July 29, 2014 By Christian Murray
The gritty entrance to the 46th Street subway station—long known for its pigeons, ratty newspaper stands and street vendors—has been transformed into a tidy plaza complete with tables, chairs and planters.
Sunnyside Shines cut the ribbon today to what’s now called the “Bliss Plaza” that features 16 planters, 12 tables and 24 chairs. The plaza includes a level surface—as the old roadway that used to cut through the area beneath the subway has been filled with concrete—creating 5,500 square feet of space that can be used for concerts and cultural events.
The planters have also been systematically placed alongside Queens Boulevard, as a means to create a green buffer and soften the noise from traffic.
“This space has been transformed into a vibrant, colorful oasis,” said Rachel Thieme, the executive director of Sunnyside Shines, which is commonly referred to as the BID. “Sunnyside now has a cool green place to eat lunch outside.”
The BID is currently working with the Department of Transportation to create a second plaza underneath the 40th Street station, which would also come with planters, tables and chairs. That plaza—to be called the Lowery Plaza– is expected to be ready by October.
The opening of the second plaza has been delayed since the exercise equipment/artwork that is currently located there cannot be taken down until October. The artist and the DOT entered into an arrangement where it would be up for a year.
However, the Lowery Plaza will be put together quite quickly since the existing roadway is already level. Therefore, all that is required is power washing the existing concrete then adding the planters, tables and chairs.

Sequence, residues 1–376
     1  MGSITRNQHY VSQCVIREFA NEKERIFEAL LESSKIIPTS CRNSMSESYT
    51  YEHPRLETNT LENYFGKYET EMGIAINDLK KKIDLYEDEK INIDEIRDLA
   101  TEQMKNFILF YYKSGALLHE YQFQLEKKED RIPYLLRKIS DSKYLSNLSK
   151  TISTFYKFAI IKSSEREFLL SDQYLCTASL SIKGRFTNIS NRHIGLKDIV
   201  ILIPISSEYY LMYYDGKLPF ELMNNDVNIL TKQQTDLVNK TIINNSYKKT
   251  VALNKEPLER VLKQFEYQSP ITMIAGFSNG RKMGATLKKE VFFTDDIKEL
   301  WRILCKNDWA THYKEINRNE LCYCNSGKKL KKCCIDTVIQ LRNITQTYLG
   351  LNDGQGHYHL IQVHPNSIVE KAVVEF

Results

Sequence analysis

The two plazas stem from an application the BID filed with the DOT last summer for the two sites to be included as part of the NYC Plaza Program. The DOT approved the BID’s proposal and agreed to help design the plazas and provide the funding.
The DOT held a public workshop in April to get feedback from the community to help it come up with the designs. The designs were then approved by Community Board 2 in June.
Councilman Jimmy Van Bramer, who spoke at the ribbon cutting, said that that the new plaza has “transformed a place where tens of thousands of Sunnysiders and Woodsiders go to every single day. People will now see a green Sunnyside, a beautiful Sunnyside a peaceful Sunnyside—not just a place to pass through.”
Van Bramer said that the plaza will act as a good place for people to connect. “It has the ability to bring both sides of Queens Boulevard together, where everyone can meet.”
Several people were drawn to the plaza and decided to sit at the tables. Bharat Patel, a Sunnyside resident who was with his wife, said: “I was walking around and I saw a nice place to sit down. We then decided to eat our lunch here.”
The plaza(s) will be open from 9 am until dusk. The Neighborhood Plaza Partnership, a non-profit group that is dedicated to maintaining public plazas, will be in charge of putting away the tables and chairs each night as well as looking after the planters.
Joe Conley, chairman of Community Board 2, said that there is more work ahead on improving the plaza. He said he was working on bringing better lighting, wayfinders and tidier newspaper stands.
Thieme said that the BID has also filed an application with the DOT’s art program to add a ground mural. However, “It’s nice and colorful the way it is now.”